11 Effortless Ways To Boost Your Memory

April 29, 2022 0 Comments

We all have those days when we can’t remember a thing. When you’re drifting in and out of sleep, you can’t recall the name of your favorite band or simply can’t remember why you even got out of bed at all. Don’t accept this as usual because it doesn’t have to be. Learning to improve your memory isn’t just about remembering things like homework assignments and business presentations: enhancing your memory is vital for keeping your mind sharp and healthy as you age.

If you’re worried about memory loss or want to keep your mind sharp, there are plenty of ways to boost your brainpower. While some methods are better than others, they all tend to have one thing in common: they can be fun!

Here are ten effortless ways to boost your memory:

  • Eat more blueberries.

Blueberries contain potent antioxidants that have been shown to improve memory and promote healthy brain function. They also protect against age-related cognitive decline, mood disorders, and Alzheimer’s disease. A study at the University of Cincinnati found that older adults who ate berries twice a week for two months improved visual learning and motor skills.

  • Use mnemonics.

This is simply using a pattern of letters, ideas, or associations to help you remember something. A classic example is the acronym ROY G BIV (Red, Orange, Yellow, Green, Blue, Indigo, Violet) as an easy way to remember the colors of the rainbow. You can also make up funny sentences or rhymes as a mnemonic aid — anything that will help jog your memory later on when you need it most.

  • Play brain games.

While physical activity keeps your body in shape, brain exercises keep your mind sharp. Play Sudoku or crossword puzzles to keep your mind active. If you get stuck on one puzzle, try another one.

  • Get plenty of sleep

One of the simplest ways to boost your memory is by sleeping. While you’re asleep, your brain processes information and makes it all stick by transferring it from short-term memory to long-term memory. A good night’s sleep can help you remember things you learned earlier in the day.

  • Break down big chunks of information into tiny pieces.

Nobody can remember a long list of numbers or words, but you can do it if you break them down into groups of three or four. For example, instead of remembering a phone number like 62435698764, break it down: to 624-356-9876. Or how about placing this long word: antidisestablishmentarianism? You probably couldn’t do it as one word, but if you were to break it down like this — anti-dis-establish-ment-ari-anis-m — then it would be no problem!

  • Keep stress in check.

Stress isn’t just bad for your health — it can also affect how well you retain information. Stress hormones have decreased memory performance, so keeping stress in check can help preserve and improve your memory over time.

  • Eat right.

You wouldn’t try to run a marathon without eating the right foods beforehand, right? The same goes for your brain. Avoid processed and sugary foods and choose healthier options like fruits and vegetables to stay sharp.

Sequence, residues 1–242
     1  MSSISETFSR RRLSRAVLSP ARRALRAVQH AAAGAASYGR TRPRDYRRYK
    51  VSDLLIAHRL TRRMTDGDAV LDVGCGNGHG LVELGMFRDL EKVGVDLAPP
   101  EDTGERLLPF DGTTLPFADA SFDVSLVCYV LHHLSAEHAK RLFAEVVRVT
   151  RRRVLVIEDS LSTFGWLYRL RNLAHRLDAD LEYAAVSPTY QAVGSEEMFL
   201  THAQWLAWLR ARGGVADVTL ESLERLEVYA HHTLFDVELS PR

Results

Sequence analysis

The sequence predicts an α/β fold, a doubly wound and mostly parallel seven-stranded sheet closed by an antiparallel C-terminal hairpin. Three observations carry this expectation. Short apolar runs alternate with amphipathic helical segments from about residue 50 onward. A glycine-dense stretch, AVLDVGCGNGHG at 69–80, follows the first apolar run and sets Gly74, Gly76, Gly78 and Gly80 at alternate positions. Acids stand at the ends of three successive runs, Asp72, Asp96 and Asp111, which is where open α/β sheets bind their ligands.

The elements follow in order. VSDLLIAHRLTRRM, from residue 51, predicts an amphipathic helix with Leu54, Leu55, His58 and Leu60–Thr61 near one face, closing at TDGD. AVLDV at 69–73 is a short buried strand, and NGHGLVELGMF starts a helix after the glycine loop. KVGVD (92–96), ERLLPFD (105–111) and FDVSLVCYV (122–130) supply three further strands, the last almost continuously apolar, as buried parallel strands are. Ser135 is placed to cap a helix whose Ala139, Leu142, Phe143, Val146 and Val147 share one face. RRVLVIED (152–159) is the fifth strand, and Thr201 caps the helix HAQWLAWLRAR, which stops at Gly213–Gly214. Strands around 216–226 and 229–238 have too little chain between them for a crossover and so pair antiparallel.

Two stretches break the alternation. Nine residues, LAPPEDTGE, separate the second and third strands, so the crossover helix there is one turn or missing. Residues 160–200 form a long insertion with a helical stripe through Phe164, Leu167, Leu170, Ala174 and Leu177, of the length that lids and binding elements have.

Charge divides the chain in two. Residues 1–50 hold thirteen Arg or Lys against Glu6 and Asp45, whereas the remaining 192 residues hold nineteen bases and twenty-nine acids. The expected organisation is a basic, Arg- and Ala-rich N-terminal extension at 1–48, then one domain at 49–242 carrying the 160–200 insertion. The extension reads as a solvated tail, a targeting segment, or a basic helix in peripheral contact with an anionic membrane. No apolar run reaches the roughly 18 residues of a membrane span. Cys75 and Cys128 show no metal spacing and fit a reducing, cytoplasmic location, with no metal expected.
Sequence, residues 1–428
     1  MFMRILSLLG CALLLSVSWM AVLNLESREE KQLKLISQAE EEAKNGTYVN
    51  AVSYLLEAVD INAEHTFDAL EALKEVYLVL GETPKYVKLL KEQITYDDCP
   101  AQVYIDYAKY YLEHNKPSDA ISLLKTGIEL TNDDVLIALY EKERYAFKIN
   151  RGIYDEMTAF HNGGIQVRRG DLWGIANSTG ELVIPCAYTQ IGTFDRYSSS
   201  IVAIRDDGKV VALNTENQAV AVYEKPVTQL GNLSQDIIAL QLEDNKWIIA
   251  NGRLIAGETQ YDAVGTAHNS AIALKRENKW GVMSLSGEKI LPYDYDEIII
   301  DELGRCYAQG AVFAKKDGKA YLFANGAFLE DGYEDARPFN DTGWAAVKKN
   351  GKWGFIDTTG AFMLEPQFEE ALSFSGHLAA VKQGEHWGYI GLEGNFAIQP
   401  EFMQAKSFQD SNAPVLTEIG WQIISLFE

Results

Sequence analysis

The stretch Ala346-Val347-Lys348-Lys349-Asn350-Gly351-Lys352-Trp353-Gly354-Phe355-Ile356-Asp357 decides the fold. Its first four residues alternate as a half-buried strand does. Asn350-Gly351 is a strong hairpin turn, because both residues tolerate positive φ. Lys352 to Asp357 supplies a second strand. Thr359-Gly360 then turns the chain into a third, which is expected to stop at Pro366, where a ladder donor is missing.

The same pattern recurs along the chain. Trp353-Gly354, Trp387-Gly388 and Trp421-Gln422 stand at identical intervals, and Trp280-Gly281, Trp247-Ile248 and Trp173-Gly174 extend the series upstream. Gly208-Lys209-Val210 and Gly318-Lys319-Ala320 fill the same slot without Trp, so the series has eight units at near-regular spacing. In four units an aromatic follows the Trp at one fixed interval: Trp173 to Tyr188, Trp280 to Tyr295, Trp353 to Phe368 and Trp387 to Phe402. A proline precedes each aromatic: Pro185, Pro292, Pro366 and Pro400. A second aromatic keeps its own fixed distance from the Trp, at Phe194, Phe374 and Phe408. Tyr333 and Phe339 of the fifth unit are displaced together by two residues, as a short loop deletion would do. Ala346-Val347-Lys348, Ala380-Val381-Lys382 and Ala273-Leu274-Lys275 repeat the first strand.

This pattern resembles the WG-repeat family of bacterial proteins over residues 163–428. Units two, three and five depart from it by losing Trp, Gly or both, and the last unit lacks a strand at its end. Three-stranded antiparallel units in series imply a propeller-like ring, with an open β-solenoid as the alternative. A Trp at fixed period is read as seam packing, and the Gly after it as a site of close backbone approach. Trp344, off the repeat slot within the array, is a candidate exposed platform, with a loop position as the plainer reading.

• Break down big chunks of information into tiny pieces.

Nobody can remember a long list of numbers and words, but you can do it if you break them down into groups of three or four. For example, instead of remembering a phone number 62435698764, break it down to 624-356-9876. Or how about this long word: antidisestablishmentarianism? It will be no problem if you’re breaking it down like this!

  • Learn a new language

Learning a new language keeps your brain sharp and improves your memory. It can also protect against dementia and Alzheimer’s disease. Learning another language strengthens the brain’s ability to think critically and solve problems.

Research shows that bilingual people who acquire their second language before 18 scores higher on cognitive tests than those who learn their second language later in life or not at all. So whether you decide to sign up for a class or teach yourself, learning a new language is one of the best things to increase your memory power and keep your gray matter sharp over time.

  • Meditate

Meditation is a straightforward method that helps you relax and let your mind wander freely. When you meditate, you can increase your attention span, sharpen your memory and become more productive at work. Meditation has been shown to improve focus and attention, which can also benefit memory.

  • Repeat and retrieve

Any time you learn a new piece of information, you’re more likely to mentally record that information if it’s repeated. Repetition reinforces the connections we create between neurons. Repeat what you hear out loud. Try using it in a sentence. Write it down and read it aloud.

But the work doesn’t stop there. Research shows that simple repetition is an ineffective learning tool if used on its own. You’ll need to sit back down later and actively try to retrieve the information without looking at where you wrote it down. Testing yourself to retrieve the information is better than repeated studying. Practicing retrieval creates more long-term and meaningful learning experiences.


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